Originally published in my mind, many years ago in an old journal (this one is dedicated to Mel C).
So I finally went to the doctor yesterday. I was attended by a very pleasant middle-aged Asian man, with large bulbous sacks underneath his solemn knowing eyes. He asked me all the right questions, touched me in all the right places, made me stretch and show him how uncoordinated I’ve become, and even took a urine sample to check for kidney problems (which there were none), to which he concluded that there was no conclusion.
“Most likely not a bad appendix”, he said in a slight Korean accent, “because you have had no nausea, fever, constipation, or real colicky pain, but,” he added, “appendixes have been known to be tricky little devils - especially the deadlier ones. These evil appendixes”, he continued, “are quite docile and can rupture with very little pain, causing almost certain death to the unsuspecting”. He chuckled and I half-heartedly joined in the merriment.
I imagined my ancient ‘evil’ friend waking out of its 30-year primordial slumber and clandestinely oozing itself out into my bowels. There it would sit patiently and wait till the final stages of peritonitis set in over my ‘unsuspecting’ body. And as I faded out of existence, its primitive dominance would once again be complete and absolute, if not for a short fleeting dying moment for the both of us; that greedy bastard.
My fantasy was short lived as the Dr. reassured me that it was highly unlikely that mine was of the ‘evil’ kind. Content with his oath, we resumed with our thorough conversation. He said he wasn’t going to rule anything out and went on to methodically explain what real colicky pain meant, what a hernia would feel and look like, and what a mild muscle strain would entail. To which he seemed to think that the later was the cause of my minor, but constant discomfort.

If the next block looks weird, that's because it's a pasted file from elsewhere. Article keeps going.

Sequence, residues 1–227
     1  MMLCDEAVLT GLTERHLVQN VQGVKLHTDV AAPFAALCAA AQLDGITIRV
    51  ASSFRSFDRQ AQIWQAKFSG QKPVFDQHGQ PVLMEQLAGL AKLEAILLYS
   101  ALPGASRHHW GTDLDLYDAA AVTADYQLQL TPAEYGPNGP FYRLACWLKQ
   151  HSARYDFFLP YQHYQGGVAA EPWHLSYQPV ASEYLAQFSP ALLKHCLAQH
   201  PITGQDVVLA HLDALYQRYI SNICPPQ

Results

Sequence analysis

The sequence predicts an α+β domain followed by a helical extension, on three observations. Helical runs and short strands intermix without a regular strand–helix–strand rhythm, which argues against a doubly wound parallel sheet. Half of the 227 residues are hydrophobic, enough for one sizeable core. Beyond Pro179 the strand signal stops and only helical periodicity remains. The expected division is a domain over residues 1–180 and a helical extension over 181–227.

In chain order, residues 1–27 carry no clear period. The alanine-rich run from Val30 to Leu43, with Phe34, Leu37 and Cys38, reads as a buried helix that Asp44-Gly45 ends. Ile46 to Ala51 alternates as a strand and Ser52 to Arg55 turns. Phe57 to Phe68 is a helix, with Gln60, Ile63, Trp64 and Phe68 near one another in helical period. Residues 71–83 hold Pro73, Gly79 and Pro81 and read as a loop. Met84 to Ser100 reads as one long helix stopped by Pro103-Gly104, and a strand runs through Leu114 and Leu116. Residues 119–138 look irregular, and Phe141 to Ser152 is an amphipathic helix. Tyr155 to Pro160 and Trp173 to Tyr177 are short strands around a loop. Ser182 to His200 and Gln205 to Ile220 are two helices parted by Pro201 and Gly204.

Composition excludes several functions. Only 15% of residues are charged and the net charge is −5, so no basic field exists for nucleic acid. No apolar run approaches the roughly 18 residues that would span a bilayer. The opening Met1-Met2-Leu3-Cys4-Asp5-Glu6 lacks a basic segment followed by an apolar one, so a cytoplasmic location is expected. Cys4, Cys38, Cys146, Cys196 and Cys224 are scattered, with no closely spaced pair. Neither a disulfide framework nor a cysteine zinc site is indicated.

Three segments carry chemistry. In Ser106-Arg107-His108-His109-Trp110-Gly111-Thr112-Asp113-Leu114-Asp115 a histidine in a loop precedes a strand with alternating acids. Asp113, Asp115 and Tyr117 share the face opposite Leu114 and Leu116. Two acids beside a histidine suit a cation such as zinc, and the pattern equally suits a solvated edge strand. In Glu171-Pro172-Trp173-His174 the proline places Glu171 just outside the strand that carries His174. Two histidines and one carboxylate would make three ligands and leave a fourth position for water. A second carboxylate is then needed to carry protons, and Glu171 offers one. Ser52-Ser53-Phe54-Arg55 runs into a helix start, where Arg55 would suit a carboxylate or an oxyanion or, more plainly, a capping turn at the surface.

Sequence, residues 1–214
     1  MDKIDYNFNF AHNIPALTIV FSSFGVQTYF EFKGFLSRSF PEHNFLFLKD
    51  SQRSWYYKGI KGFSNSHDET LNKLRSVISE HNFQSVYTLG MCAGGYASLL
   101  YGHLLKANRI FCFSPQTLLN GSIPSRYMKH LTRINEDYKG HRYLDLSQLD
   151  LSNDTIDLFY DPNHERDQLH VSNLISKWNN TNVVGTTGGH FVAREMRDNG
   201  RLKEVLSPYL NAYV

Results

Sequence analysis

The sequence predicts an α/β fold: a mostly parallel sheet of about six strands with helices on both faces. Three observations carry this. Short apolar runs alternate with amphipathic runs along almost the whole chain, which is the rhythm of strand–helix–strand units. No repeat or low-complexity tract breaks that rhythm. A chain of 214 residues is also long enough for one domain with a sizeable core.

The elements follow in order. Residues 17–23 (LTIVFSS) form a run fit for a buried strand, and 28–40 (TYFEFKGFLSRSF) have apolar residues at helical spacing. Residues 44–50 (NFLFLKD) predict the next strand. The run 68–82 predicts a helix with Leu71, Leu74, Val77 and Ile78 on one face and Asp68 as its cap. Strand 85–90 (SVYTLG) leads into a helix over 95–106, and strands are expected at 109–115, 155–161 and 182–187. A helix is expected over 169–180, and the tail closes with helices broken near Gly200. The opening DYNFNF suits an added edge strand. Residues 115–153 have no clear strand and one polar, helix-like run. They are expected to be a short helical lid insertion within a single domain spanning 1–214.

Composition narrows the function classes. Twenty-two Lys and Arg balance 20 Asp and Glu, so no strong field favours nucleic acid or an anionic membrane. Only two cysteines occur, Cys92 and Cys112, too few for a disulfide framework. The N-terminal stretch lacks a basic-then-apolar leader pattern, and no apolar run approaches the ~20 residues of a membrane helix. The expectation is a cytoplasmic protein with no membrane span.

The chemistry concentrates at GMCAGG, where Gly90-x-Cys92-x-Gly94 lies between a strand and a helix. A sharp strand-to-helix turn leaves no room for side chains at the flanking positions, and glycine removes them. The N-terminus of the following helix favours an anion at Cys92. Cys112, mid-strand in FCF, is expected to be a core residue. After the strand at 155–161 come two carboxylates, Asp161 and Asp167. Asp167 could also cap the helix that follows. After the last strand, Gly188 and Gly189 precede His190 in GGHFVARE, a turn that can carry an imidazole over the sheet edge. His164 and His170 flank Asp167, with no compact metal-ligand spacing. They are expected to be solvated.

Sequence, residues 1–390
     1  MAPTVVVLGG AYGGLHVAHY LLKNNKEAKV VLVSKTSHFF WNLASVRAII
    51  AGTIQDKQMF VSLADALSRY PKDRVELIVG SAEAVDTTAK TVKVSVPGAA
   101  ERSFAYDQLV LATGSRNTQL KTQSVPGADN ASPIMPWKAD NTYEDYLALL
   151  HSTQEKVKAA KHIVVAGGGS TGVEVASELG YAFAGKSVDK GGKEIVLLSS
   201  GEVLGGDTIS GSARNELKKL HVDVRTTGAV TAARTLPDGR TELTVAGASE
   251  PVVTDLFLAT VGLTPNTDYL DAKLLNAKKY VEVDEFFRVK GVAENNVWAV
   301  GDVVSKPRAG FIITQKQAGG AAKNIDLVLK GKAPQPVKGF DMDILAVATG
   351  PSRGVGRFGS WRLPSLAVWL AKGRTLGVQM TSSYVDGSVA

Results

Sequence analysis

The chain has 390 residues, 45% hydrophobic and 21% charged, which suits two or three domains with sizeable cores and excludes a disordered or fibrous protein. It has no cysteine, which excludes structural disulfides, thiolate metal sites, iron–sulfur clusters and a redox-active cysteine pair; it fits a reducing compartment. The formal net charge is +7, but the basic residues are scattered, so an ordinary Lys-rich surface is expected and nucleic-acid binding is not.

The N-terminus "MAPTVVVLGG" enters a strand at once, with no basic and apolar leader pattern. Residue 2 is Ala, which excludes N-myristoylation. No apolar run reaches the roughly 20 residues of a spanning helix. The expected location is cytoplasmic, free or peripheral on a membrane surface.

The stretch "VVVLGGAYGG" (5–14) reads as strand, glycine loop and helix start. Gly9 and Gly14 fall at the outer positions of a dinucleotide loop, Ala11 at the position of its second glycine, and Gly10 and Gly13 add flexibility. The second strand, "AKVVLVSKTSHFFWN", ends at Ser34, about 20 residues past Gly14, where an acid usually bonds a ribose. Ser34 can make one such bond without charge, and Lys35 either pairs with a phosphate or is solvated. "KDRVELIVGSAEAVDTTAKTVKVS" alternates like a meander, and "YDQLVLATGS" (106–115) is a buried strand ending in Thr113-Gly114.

His final diagnosis was that I should keep monitoring the pain, and if it got worse, to either come back and see him, or to seek some sort of emergency medical attention. That I should drink more water, since the stale pungent urine sample I had given him, when looked at under the microscope, had affectionately reminded him of the yellow river - complete with junk boats floating along to market. Also, that I should try not to exert myself too much. And that I should really try to get some exercise. His trained eye could easily tell that mine was an extraordinarily unfit body.
I thanked him, shook his hand amiably, and departed already feeling much improved. Now that I was a bit more at ease, I could concentrate on my other more real problems, such as getting a job and getting on with my career (or lack there of). But most importantly, I now had the time to come up with a nastier, more treacherous medical ailment, which would help impede me from doing or accomplishing anything at all.